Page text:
A driving passion, in-depth knowledge and perhaps a little eccentricity are key to success for a fruitful allotment, and very often for an engaging documentary too. So the Capel St Mary Allotment Association should be an ideal subject matter for a film even if you don’t know your horticultural onions.

Digging it, just a little bit

Six miles from Ipswich in south Suffolk, the village of Capel St Mary has a devoted allotment association. In Digging for Victory local lad, Nick Woolgar, introduces us to some of the allotmenteers Рand the fruit of their labours Рin the lead up to the annual summer show. The result is a gentle, bucolic excursion that does not try to dazzle the audience with shocking revelations or hard hitting expos̩.

Lingering on perfectly smooth onions, towering leeks and hallucinogenically deep red tomatoes, the film makes the produce look remarkably beautiful. The allotments themselves are also pictures of neatness, with nary a blade of grass out of place. If you run your own allotment, or one that looks like a weed-infested freight rail yard, this will be alternately awe-inspiring and excruciating. The immaculate vegetables are one of the highlights of the film.

Most viewers will be more interested in human beings interesting than vegetable and soft-fruit husbandry however. The Capel allotmenteers love their plots and get a lot of pleasure from tending them. They might be a little eccentric, but the co-director and producer Darius G Laws and Woolgar do not overplay these qualities. Instead, what emerges is a picture of the hard graft and quiet satisfaction involved in growing stuff, and possibly more importantly, the role the allotments play in building the community and providing a link to previous generations.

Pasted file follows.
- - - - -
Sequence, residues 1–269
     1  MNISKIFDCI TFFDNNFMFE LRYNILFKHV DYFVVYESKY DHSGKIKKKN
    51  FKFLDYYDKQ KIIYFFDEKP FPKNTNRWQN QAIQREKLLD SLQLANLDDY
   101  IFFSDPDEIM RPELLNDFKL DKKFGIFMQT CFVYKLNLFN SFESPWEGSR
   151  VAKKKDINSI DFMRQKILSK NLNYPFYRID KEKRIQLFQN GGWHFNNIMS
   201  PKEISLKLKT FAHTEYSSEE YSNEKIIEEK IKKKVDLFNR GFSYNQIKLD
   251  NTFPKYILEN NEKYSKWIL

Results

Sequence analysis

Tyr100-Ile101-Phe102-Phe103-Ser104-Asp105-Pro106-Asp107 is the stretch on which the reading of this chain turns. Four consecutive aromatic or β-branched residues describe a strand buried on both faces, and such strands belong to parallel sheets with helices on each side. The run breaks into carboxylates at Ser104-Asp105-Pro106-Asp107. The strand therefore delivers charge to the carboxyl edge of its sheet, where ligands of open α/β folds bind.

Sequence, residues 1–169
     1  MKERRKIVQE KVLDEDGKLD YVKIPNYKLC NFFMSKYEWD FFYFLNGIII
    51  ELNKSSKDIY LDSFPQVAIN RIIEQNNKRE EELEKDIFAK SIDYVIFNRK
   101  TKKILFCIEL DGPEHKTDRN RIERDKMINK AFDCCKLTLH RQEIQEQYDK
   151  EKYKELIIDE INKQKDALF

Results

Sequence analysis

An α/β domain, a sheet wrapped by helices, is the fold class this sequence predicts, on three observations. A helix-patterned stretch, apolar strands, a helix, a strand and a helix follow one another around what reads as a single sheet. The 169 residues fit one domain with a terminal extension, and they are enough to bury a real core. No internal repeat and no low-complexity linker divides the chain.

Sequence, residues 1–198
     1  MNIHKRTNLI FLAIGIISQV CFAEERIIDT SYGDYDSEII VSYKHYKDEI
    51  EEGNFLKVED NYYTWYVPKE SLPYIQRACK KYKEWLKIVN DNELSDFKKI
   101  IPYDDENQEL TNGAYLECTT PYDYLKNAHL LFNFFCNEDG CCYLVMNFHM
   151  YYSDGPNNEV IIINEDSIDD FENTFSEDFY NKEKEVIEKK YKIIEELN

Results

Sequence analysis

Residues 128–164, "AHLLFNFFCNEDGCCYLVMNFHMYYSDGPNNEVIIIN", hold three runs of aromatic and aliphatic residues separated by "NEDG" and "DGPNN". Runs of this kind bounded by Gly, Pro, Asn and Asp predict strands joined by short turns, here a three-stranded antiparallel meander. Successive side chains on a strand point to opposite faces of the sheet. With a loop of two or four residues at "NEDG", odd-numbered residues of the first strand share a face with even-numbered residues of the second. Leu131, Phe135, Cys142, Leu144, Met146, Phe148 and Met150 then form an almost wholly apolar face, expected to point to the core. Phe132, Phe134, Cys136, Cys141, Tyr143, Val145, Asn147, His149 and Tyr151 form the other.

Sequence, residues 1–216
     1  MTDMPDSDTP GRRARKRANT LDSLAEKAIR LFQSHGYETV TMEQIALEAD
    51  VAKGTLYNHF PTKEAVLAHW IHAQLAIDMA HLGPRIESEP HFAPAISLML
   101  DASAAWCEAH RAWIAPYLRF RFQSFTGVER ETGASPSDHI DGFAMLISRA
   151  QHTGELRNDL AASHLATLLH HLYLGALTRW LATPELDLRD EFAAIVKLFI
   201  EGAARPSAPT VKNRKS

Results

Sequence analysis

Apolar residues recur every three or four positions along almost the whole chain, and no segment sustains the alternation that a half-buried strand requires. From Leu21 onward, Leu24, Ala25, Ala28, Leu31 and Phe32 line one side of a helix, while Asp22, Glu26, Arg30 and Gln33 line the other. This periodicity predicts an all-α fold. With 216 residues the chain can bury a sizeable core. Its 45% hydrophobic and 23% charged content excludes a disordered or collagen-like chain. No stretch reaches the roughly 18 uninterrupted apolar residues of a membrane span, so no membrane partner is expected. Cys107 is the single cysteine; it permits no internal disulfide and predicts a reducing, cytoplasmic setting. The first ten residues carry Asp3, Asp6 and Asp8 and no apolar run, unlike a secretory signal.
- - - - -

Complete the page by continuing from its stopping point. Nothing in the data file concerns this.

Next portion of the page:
The personal and social role of allotmenteering is interesting enough, but perhaps not utterly gripping. If Digging for Victory suffers from any faults, it is probably that it doesn’t find quite enough to draw us in. It is honourable of Laws & Woolgar to steer clear of mocking their subjects, and besides, who wants to go around digging up dirt (let alone potatoes) in your parents’ village (in one of the DVD extras the filmmakers reveal Woolgar’s mum has an allotment in the village)? But a deeper exploration of personal motives or a tad more humour would not have gone amiss.

Things do start hotting up a bit around the summer show. With measuring tapes, clipboards, a gimlet eye for detail, the judges could be auditors from British Standards, but with Simon Cowell’s power to dash dreams. There are some pretty hilarious prize titles, the “Tom Richardson Memorial Cup for Mammoth Vegetables” and the “Ronald Tucker Prize for the Longest Runner Bean”. The highs and lows of the fight to be judged the best is not the point of Digging for Victory however and it is no great surprise when it is largely the old hands who win again.

A charming rendition of Somewhere Over the Rainbow wafts over the top of the film, adding to the mellow atmosphere. Even some of the allotmenteers have some oddly appropriate names, with a Mr Mower and Gavin Leeks (who is sadly not the leek growing expert). Digging for Victory could be likened to one of the less popular root vegetables, a swede or turnip perhaps; delicious if you give them the time, but not to everyone’s tastes.

Digging for Victory is out on DVD now, and comes in a brown card cover with a selection of seeds. Marvellous.

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Digging for Victory - Review, 3.0 out of 5 based on 1 rating
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